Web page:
Wednesday, July 23, 2008

Pay For Performance; Good For Security

The next time you’re in the security line at your local airport, contemplating the 3-1-1 liquids rule or the possibility of making it home in time to tuck your kids into bed, take a quick look at the officers at the checkpoint.

Right there in front of you are some of the most tested professionals inside or outside of government. At any time, 24/7/365 TSA, DHS or GAO testers can and do test our officers’ ability to detect items that could be used in an attack. Our belief is that rewarding excellent performers is one way to motivate a workforce with a deadly serious job to do. Conversely, not rewarding mediocre performance based solely on seniority is a way to motivate people to step up or consider other career options.

Yesterday, our Deputy Administrator, Gale Rossides testified before members of Congress on TSA’s pay-for-performance compensation system. Along side colleagues from the intelligence and law enforcement communities, she clearly explained that our system provides incentives to the best performing officers. Nowhere is this more important than on the frontlines of our nation’s efforts to keep its citizens safe. We thought you might find her opening statement interesting and thought provoking. For her more comprehensive, written testimony, click here.

Oral Statement
Before the
JULY 22, 2008

Good afternoon, Chairman Akaka, Ranking Member Voinovich, and distinguished members of the Subcommittee. I am pleased to be here today to discuss TSA's progress on our pay-for-performance system, known as PASS [Performance Accountability and Standards System].

I am honored to appear and represent the thousands of TSA employees, our Transportation Security Officers [TSOs], who serve to ensure the safety and security of 2 million passengers a day. These women and men are dedicated security professionals with one of the most difficult jobs in government. These Officers are the most tested in the Federal workforce. Contrary to what so often is the headline grabber about attrition, 22,000 of our Officers have been with TSA from the beginning. They have participated in the largest stand-up of a Federal agency in fifty years. They have stayed with us as we responded to the evolving threat by continuously enhancing the security process, while also building the infrastructure and the human capital system to properly pay, train, reward, and recognize their performance. They stayed for the mission.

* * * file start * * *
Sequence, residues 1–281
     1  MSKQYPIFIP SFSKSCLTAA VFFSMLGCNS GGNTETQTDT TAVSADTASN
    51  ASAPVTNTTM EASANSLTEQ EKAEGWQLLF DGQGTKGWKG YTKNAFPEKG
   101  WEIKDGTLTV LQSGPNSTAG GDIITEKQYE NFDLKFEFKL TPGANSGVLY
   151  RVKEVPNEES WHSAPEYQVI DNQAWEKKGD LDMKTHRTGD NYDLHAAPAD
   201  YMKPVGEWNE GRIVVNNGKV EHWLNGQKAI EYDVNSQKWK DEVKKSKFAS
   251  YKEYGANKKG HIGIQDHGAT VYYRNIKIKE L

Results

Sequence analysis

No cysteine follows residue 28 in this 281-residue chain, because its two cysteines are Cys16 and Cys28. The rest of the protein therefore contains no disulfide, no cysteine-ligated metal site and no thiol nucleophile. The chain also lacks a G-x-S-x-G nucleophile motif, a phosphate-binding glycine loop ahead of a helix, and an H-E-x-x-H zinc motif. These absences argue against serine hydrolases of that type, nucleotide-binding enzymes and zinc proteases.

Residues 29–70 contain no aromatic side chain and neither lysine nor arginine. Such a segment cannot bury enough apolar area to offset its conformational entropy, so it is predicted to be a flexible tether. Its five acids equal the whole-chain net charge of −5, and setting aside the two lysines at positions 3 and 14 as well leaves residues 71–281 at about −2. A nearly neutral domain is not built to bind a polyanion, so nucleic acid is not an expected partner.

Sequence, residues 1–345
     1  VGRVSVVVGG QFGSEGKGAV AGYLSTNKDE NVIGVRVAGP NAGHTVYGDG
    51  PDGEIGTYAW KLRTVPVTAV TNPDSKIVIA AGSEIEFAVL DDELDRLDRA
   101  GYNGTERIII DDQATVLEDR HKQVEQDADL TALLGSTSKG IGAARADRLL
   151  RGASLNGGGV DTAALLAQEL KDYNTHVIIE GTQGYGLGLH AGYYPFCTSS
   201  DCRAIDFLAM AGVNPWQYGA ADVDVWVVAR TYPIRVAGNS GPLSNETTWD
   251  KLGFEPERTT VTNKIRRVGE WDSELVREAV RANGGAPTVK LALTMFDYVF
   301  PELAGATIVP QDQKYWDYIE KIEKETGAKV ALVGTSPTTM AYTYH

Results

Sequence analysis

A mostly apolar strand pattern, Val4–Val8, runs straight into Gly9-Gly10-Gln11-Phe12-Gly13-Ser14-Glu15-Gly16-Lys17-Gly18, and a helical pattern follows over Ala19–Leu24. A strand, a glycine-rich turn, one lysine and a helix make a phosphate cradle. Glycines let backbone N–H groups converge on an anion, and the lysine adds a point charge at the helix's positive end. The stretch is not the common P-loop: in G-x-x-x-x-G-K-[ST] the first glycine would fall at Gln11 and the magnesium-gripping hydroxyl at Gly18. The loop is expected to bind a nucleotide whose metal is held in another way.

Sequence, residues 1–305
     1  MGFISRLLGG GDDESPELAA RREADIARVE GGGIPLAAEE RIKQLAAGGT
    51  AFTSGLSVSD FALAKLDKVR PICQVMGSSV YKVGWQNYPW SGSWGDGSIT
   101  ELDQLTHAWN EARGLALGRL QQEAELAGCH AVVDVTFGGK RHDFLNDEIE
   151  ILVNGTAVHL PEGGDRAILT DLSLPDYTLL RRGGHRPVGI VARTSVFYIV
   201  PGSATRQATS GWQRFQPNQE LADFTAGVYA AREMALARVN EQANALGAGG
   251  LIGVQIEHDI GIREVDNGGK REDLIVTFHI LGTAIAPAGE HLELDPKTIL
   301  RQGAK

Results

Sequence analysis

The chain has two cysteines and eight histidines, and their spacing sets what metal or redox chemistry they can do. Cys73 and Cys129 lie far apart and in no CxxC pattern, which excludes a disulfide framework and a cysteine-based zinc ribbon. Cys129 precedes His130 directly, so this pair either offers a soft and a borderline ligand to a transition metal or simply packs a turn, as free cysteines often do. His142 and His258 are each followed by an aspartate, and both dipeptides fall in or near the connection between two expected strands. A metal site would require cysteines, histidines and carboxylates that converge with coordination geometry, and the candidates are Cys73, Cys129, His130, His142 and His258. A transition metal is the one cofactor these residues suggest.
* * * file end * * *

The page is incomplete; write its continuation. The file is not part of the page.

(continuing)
There are two reasons TSA relies on pay for performance. Security is the first and foremost. Second, it is to instill a culture of high performance and accountability in our workforce.

Performance on the job has a special meaning for us. Let me be very direct. Our job is to stop a terrorist attack. Our Officers work in an environment in which 99.9 percent of the people they see every day are not a threat, but the threats against our aviation system remain. TSOs want to get passengers through the security checkpoint with a high degree of confidence that they have stopped anyone seeking to do harm—your safety is their priority.